Getting fit is on a lot of people’s mind this time of year. The following guest post by registered dietitian Deanna Segrave-Daly of Teaspoon Communications provides some great nutrition tips. (She even includes tips for those with dietary restrictions including lactose intolerance, gluten-free and vegetarian.) Enjoy!
A Fresh Perspective on Food Restrictions; How to Cope in the New Year:
* Surf for Support – Search for online support groups based on your specific food restriction. While the services of health professionals are critical for diagnosis and evaluation, the support of “people like me” are instrumental in your long-term success at a healthy (and tasty) lifestyle.
* Come Back to the Kitchen – Resolve to cook at home a few more days a week. Not only will you have control over your ingredients, you’ll be more likely to enjoy a healthier diet by using fresher and less processed ingredients.
* Lose the Lactose -If you are diagnosed with lactose intolerance, ring in the New Year knowing you can enjoy the taste of milk again with Real Goodness™ – the only 100% lactose free milk that actually tastes like regular milk.
* Grow With Gluten-Free – If you have celiac disease, celebrate the fact that your gluten-free resources (both food products and information/recipes) are greater and more abundant than ever before. For starters, check out www.glutenfreegirl.blogspot.com (she’s married to a chef!)
Losing Weight the Healthy Way:
* Rethink Your Drink – Start by analyzing what’s in your daily cup. Empty calorie beverages, such as regular soda and sweetened iced teas often take place of simple H20 – what your body craves. Cut your consumption in half and you’ll slash a lot of calories. Carry a refillable water bottle or have a permanent glass at your office desk. Besides water, choose nutrient-rich beverages such as milk or 100% fruit/vegetable juice to get more bang for your calorie buck.
NOTE: If you are lactose intolerant, there is a new 100% lactose free milk – Real Goodness™ – that tastes just like regular milk.
* Wake Up Right –There’s too much riding on your morning nosh not to make it better, especially if you’re a breakfast skipper. Studies show that regular breakfast eaters are less likely to be overweight1. Pair peanut butter toast with a smoothie (mix equal parts milk, yogurt and fruit.) Grab last night’s leftover veggie pizza. Even a banana with a skinny latte is better than an empty stomach.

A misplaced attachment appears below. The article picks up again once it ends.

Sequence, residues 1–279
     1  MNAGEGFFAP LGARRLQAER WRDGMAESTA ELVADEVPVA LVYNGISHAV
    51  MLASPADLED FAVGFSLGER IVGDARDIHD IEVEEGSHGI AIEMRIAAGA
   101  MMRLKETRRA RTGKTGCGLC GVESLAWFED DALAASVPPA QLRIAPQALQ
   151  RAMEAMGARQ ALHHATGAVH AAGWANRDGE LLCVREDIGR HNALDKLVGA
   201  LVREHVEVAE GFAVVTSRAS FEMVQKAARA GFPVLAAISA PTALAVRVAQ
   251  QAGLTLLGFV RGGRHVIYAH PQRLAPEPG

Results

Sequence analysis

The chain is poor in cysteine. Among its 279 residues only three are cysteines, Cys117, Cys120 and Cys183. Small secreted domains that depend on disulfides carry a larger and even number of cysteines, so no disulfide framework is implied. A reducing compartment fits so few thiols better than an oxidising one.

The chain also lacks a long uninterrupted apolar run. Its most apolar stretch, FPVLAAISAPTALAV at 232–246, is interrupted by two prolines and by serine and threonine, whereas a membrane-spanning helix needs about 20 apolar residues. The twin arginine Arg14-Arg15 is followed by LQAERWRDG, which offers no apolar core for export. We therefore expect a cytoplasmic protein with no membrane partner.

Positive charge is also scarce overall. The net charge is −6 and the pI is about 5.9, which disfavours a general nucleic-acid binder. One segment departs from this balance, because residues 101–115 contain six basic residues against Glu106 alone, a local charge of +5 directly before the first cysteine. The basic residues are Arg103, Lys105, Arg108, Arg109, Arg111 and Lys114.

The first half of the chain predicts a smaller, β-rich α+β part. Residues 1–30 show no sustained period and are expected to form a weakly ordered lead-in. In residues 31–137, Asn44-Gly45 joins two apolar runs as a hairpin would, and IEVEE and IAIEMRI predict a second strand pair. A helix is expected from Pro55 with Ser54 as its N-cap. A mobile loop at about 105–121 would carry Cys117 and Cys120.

* Portion Your Plate – Each time you eat, mentally divide your plate into three sections: ½ vegetables & fruit, ¼ whole grains and ¼ protein. By consciously categorizing your meals, you get more nutrients like fiber, antioxidants and minerals while controlling servings. Roast vegetables for a rich, sweeter taste. Experiment with different grains such as couscous and quinoa. Add extra fruit to your dessert choice.
* Power Up with Protein– A collection of research suggests that including more high-quality protein – within a calorie controlled diet paired with exercise – could play an important role in managing a healthy body weight2. Experts believe that protein also gives the feeling of satiety, so by staying fuller longer, you may consume fewer calories. Choose high-quality protein from lean meats, poultry, fish, eggs and low-fat dairy. Round out your intake with plant-based sources like beans, legumes, nuts and nut butters. Bottom line: keep protein in balance with fat and carbohydrates – remember that portioned plate!
* Keep It Sweet – Satisfy your sweet tooth The American Heart Association recently issued daily sugar limits for adults: 6 teaspoons for women and 9 teaspoons for men. Use your allocated sugar “budget” to enhance flavors of nutrient-rich foods as in sweetened whole grain cereal or low-fat chocolate milk. Buy fresh fruit in-season and eat ripe for natural sweetness. Try a sugar substitute when weaning off other sugary indulgences.
2 American Journal of Clinical Nutrition Supplement: Protein Summit 2007: Exploring the Impact of High-Quality Protein and Optimal Health. American Journal of Clinical Nutrition: 2008; 87:155S-158S.